Children are tough little creatures, but when they fall, they fall hard. Two weeks ago Kallista was running at top speed pretending to be a bubble (her dress was a bubble print and she was being imaginative, just like children love to be). Unfortunately, she’s going through a growth spurt and her brain hasn’t yet caught up with her feet and she fell head over foot, her little face bouncing off the tarmac. Her bubble burst and she was in tears.
Her little face, forehead, and knee were all skinned and she was upset (rightly so)!
The first thing Tristan and I did was to make sure she didn’t have any broken bones and have a look at her knee and her face. I carried her over to a nearby bench and sat her down. I unzipped my always-present backpack and pulled out a tissue for Kallista’s tears and the first aid kit.
A first aid kit is essential to have with you when you look after children, but there’s one one thing it can’t (usually) do: calm a child.
Ways to Soothe an Injured Child:
- Stay calm! If you panic, the child will also panic and think things are worse than they are. Even if things are bad, keep yourself calm so you can have a clear head.
- Give the child lots of reassurance.
- I highly recommend that anyone who spends time with children should have training in emergency first aid. It gives you the reassurance that you’ll know what to do, and this knowledge helps you to keep a calm and cool head.
- If it’s possible, give the child cuddles. Love and cuddles go a long way to help someone calm down. They’ll feel protected and their breathing and heart rate will slow to mimic yours. (Think kangaroo care in neo-natal units)
- Distraction is a great tactic! Point out something strange, ask if that was a purple camel that just flew past, what’s for dinner, etc.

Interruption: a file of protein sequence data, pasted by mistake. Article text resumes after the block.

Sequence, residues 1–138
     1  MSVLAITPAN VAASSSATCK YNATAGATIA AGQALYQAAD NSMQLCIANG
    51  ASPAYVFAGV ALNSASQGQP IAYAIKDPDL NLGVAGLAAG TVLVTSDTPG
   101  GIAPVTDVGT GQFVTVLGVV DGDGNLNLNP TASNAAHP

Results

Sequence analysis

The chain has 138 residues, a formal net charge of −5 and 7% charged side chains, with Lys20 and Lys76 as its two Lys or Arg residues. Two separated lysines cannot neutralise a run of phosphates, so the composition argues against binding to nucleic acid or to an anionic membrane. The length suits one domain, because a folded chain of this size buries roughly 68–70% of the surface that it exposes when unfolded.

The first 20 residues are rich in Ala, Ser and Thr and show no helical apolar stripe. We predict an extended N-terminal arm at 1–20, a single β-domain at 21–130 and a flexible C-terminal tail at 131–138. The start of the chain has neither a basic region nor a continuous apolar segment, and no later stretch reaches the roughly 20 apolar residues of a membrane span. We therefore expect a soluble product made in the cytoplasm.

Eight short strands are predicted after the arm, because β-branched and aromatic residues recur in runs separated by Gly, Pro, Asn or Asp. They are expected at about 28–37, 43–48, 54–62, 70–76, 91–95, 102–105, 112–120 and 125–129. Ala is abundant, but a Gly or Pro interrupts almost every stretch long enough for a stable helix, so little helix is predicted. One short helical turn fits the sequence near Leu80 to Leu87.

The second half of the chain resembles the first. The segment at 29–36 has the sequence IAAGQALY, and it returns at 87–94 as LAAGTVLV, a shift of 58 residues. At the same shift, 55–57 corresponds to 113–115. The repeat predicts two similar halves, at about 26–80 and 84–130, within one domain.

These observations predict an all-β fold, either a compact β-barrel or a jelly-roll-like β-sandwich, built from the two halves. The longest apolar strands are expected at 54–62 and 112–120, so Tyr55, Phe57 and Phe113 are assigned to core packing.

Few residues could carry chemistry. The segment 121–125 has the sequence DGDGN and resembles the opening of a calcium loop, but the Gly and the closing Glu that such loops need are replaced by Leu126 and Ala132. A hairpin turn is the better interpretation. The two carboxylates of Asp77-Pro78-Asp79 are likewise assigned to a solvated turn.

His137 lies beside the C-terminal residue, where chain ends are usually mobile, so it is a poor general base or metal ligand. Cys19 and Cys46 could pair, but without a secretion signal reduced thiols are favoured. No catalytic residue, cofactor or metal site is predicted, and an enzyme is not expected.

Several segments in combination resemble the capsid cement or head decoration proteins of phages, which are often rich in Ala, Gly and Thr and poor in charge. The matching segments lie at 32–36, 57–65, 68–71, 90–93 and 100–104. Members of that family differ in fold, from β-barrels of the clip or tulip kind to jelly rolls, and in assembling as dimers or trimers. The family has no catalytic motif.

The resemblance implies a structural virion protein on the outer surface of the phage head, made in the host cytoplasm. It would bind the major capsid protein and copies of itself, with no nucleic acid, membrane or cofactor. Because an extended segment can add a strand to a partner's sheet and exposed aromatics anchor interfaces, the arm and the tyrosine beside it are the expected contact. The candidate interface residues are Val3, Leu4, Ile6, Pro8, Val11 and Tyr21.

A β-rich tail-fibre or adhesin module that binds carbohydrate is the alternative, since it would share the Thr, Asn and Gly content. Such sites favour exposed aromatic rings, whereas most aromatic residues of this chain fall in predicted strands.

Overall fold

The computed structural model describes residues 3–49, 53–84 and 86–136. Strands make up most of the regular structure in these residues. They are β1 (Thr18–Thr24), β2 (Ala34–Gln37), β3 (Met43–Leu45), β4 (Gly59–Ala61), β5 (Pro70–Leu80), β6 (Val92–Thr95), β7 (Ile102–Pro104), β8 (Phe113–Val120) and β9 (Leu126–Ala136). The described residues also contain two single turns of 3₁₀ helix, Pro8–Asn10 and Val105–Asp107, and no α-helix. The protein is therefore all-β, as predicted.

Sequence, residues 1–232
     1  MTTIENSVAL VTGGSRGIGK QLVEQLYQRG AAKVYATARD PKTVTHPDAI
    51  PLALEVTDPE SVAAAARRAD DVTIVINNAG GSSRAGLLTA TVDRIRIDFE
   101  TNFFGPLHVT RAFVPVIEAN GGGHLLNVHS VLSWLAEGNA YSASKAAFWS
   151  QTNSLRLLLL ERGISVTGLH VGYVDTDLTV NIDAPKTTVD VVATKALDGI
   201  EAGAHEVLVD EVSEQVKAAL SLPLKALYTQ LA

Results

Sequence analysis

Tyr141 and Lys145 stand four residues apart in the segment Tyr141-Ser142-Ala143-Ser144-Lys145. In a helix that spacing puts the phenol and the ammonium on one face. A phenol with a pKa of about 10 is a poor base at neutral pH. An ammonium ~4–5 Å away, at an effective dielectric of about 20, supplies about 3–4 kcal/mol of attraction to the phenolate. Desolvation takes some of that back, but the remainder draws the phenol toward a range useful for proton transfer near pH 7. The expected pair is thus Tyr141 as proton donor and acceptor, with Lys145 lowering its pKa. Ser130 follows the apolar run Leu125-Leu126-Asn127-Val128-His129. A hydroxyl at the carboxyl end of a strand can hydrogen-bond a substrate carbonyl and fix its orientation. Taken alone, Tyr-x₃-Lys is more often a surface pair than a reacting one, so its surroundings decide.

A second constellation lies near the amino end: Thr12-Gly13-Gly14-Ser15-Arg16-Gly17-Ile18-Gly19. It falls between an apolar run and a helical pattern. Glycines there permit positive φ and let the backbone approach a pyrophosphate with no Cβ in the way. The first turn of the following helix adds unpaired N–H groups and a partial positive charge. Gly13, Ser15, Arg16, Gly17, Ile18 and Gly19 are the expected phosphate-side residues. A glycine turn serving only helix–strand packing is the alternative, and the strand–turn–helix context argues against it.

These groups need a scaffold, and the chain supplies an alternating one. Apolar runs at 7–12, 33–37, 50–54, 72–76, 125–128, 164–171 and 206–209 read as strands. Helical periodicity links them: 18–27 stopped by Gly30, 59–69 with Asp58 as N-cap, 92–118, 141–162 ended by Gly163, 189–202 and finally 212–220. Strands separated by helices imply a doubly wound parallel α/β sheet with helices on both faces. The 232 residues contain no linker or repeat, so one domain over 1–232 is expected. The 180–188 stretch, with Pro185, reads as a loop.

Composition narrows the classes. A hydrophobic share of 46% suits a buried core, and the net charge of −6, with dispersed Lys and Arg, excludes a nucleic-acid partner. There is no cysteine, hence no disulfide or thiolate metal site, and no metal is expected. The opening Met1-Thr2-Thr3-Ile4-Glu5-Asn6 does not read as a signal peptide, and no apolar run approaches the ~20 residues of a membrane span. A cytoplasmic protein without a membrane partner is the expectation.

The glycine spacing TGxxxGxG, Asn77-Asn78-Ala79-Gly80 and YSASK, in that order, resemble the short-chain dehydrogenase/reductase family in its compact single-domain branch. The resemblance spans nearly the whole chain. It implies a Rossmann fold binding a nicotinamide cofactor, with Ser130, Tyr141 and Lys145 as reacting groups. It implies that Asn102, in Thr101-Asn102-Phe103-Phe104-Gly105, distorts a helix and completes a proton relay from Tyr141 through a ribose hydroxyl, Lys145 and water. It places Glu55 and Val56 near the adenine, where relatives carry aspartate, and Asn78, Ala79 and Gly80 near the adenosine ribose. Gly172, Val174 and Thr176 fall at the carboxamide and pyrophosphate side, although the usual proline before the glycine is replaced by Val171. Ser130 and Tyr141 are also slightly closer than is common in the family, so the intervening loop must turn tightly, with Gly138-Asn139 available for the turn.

- Relate to them, tell them a story about when something similar happened to you. What did you do? What was the outcome?
- Humour is always good in a ‘serious’ situation. If you know any jokes, or can find something to be ‘punny’ about, do it! Tristan and I told Kallista she was a walking science lesson…we talked about the layers of skin and about the different blood cells and what they do. Now she wants to learn more about blood!
- I carry special stickers in my wallet to reward good behaviour in tough situations, or for occasions like this. On this day I also let Kallista choose a treat of her choice from the village. (Even given the option of a small candy, she chose a cheesy bun from our local bakery).
- When you patch up your ‘patient’, let them help if they want to. This gives them a sense of control over the situation. On this day Kallista chose the plaster (band-aid to folks from North America) and Tristan helped to apply it. This made Tristan feel like he was helping, and Kallista felt more ‘loved’.
- Be prepared. Carry a first aid kit. They don’t have to be big or fancy. A zip-top bag would do in a pinch. And be sure to have it stocked with a variety of plasters.
The day after Kallista’s fall I received an email asking if we’d like to try out some Dermocare plasters. These plasters are uber-cool! They come in 2 varieties: ‘Ocean Life‘ and ‘Safari‘. And each box contains 18 plasters in 3 different sizes and 9 different ‘real-life’ pictures.
Even cooler than the plaster pictures themselves, is that with each purchase, you’re supporting the projects of the WWF (World Wildlife Fund). You know that we love nature, and we like to do what we can to preserve it.
How do these plasters work? It didn’t take us long to find out! Kallista had paper cut that was giving her trouble and she didn’t want to practice her handwriting. I asked if a plaster would help, and she brightened up. She chose an Ocean Life plaster with a picture of a clown fish on it (she said it was Nemo’s dad!). The backing of the plaster packets are clear so that you can clearly see the pictures.
Now she was ready to continue on with her lessons! Perhaps a first aid kid can soothe an injured child.
I’d love to hear how you soothe your children when they’re hurt, let me know in the comments below.
Where can you get these WWF plasters?
- WWF shop
WWF is building a future in which humans live in harmony with nature. This is in the interest of nature, but also in the interests of man. WWF works in over 90 countries in projects in the fields of animals & plants, forests, climate, water, oceans and coasts.